This Politician Wants to Ban Working Couples From Getting Married

The lawmaker previously compared women to tamarinds that need to be covered for protection.
Bangladesh Parliament
The interior of the 330-seat BangladeshParliament in Dhaka, which is one of the largest legislative complexes in the world. Photo: MUFTY MUNIR / AFP

A legislator in the Bangladesh Parliament called for the creation of a law banning working couples from getting married. 

Independent lawmaker Rezaul Karim Bablu, who represents a constituency in the northwestern Bogra district, laid down his proposal during a September 4 parliamentary session. He said he believes the country’s unemployment problems stem from marriages between working men and women. 


“This unemployment problem cannot be solved with working men marrying working women, or working women marrying working men. That's why the unemployed people always remain unemployed in the country,” Bablu said, as reported by the Dhaka Tribune. “If this law is enacted, there'll be no unemployment problem in the country.” 

The lawmaker added that a law banning employed couples from tying the knot would also prevent violence against children. 

“If both the husband and the wife are working, they have to leave behind their child or children at home alone. This is how many children are abused and tortured by domestic help,” he said. “If we get a law in this regard, such repressive acts will decline in the country substantially.”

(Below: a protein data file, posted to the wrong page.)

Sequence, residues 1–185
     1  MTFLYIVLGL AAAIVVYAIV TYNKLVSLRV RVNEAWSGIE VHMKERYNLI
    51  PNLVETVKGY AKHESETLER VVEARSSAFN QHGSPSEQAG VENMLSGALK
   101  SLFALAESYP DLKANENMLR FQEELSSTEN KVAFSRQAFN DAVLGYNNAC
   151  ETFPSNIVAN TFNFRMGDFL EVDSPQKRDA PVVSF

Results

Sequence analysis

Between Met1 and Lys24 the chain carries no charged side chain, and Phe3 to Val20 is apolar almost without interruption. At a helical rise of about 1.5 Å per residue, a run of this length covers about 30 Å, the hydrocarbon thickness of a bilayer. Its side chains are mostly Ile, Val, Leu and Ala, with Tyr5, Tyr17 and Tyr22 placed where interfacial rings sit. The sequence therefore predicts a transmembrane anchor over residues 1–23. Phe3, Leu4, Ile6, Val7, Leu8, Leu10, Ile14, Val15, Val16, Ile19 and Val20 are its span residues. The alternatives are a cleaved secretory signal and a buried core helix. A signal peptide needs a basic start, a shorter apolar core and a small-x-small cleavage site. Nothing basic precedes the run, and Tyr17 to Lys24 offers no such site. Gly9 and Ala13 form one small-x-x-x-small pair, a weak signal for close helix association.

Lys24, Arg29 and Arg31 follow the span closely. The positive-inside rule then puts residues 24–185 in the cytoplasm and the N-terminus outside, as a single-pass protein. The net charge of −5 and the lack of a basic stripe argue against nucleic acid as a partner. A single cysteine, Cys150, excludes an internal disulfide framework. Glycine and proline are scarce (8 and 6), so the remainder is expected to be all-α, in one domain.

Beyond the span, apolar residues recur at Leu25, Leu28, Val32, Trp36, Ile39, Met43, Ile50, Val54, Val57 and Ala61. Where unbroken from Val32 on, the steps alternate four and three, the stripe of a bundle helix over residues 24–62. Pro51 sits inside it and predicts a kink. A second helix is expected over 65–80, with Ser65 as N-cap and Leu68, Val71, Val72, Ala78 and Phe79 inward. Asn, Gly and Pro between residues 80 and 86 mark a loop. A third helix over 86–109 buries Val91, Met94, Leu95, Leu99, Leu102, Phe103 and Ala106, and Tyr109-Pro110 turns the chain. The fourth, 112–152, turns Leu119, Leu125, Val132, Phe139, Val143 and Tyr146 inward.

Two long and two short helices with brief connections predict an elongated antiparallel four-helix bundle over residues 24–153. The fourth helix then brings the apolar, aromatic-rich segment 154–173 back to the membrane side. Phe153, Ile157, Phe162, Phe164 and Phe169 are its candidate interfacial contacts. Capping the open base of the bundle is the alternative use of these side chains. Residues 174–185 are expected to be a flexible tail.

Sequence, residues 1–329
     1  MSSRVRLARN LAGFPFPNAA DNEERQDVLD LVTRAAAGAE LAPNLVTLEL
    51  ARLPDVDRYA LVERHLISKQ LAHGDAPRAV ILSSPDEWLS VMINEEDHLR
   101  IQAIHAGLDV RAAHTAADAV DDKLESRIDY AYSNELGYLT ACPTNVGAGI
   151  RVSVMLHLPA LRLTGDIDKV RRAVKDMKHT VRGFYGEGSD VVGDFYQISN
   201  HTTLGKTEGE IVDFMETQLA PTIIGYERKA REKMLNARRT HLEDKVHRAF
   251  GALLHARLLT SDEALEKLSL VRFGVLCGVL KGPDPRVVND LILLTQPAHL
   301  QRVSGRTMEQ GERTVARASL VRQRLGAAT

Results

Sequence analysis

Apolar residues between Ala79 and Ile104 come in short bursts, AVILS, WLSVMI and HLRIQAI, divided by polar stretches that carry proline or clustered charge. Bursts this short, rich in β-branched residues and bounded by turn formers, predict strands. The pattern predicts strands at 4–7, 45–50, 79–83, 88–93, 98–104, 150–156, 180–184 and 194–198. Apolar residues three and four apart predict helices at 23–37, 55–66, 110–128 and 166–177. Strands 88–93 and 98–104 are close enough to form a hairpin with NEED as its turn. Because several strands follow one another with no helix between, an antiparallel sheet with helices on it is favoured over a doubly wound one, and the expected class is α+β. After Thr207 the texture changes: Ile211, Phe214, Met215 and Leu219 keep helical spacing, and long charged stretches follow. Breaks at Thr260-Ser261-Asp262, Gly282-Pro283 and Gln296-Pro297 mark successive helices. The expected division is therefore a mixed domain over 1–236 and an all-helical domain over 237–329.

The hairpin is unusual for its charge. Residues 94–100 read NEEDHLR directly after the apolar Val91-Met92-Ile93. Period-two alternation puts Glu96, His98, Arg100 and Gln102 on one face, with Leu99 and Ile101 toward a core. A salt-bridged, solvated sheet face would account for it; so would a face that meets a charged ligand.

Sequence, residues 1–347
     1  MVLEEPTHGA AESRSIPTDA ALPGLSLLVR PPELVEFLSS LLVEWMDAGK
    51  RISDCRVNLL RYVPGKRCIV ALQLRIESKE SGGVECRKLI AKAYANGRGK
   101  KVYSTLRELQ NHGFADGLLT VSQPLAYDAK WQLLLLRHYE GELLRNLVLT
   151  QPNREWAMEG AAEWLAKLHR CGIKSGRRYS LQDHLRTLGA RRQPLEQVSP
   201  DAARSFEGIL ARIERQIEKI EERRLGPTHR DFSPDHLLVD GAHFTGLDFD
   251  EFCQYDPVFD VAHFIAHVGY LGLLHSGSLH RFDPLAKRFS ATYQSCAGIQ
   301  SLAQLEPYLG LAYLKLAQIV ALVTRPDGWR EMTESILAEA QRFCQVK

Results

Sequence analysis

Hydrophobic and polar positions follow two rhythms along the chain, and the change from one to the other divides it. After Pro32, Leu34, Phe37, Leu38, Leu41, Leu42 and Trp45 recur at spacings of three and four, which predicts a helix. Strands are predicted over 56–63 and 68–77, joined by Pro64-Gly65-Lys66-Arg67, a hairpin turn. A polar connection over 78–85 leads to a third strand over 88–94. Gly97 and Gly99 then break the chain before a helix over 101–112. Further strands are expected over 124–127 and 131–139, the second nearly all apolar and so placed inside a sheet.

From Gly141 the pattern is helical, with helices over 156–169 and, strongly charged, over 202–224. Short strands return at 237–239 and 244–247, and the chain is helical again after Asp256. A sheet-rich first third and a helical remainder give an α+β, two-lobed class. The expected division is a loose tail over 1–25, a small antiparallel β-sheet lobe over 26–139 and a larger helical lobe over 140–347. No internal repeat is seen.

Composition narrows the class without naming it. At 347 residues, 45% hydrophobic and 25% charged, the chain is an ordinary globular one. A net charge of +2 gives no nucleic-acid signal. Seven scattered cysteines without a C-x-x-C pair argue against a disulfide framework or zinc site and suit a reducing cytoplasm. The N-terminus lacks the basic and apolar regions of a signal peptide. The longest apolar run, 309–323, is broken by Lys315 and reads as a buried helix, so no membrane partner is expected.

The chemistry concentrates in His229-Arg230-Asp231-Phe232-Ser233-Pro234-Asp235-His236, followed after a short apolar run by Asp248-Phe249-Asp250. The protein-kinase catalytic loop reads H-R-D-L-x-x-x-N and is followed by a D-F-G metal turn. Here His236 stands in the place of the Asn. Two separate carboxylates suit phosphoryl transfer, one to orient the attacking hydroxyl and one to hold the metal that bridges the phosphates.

Bablu’s proposal elicited laughter and ridicule from several ministers. 

“Sorry, I just cannot move forward, even one or two steps from my position, to entertain such a proposal,” said law minister Anisul Haque, shutting down Bablu’s recommendation. Haque went on to deem the proposal “unconstitutional.”

In turn, Bablu called critics of his proposal, “perverted intellectuals.” 

“My proposal was not meant to contradict women's empowerment. Rather, I am worried about the future of children. Unfortunately, many people are now criticizing my opinion. I did not mention any gender priority or disparity. Rather, I verbally made the proposal for the betterment and preservation of the family unit,” Bablu told VICE World News.


Despite the criticism, Bablu says he has a considerable number of supporters. “If you examine opinions on social media where my opinion is being discussed, you will find that 95 percent of the opinions are in my favour, while the remaining five percent belong to others.”     

Bablu is no stranger to controversy. In a parliamentary session in 2020, he claimed that feminists and women’s rights activists were behind the rise in rape incidents in the country. He also echoed a theory by the former leader of Islamist group Hefajat-e-Islam that likened women to tamarinds that need to be covered for their protection. 

“If the tamarind theory is used, the rapists would be discouraged from rape… and religious sentiments would grow within them,” Bablu was quoted by The Daily Star as saying.

Bablu drew widespread criticism for these statements.

In the same year, Bablu sparked controversy when a photo of him holding a pistol was posted on Facebook, in violation of Bangladesh’s gun laws that prohibit the unnecessary public display of legal firearms. 

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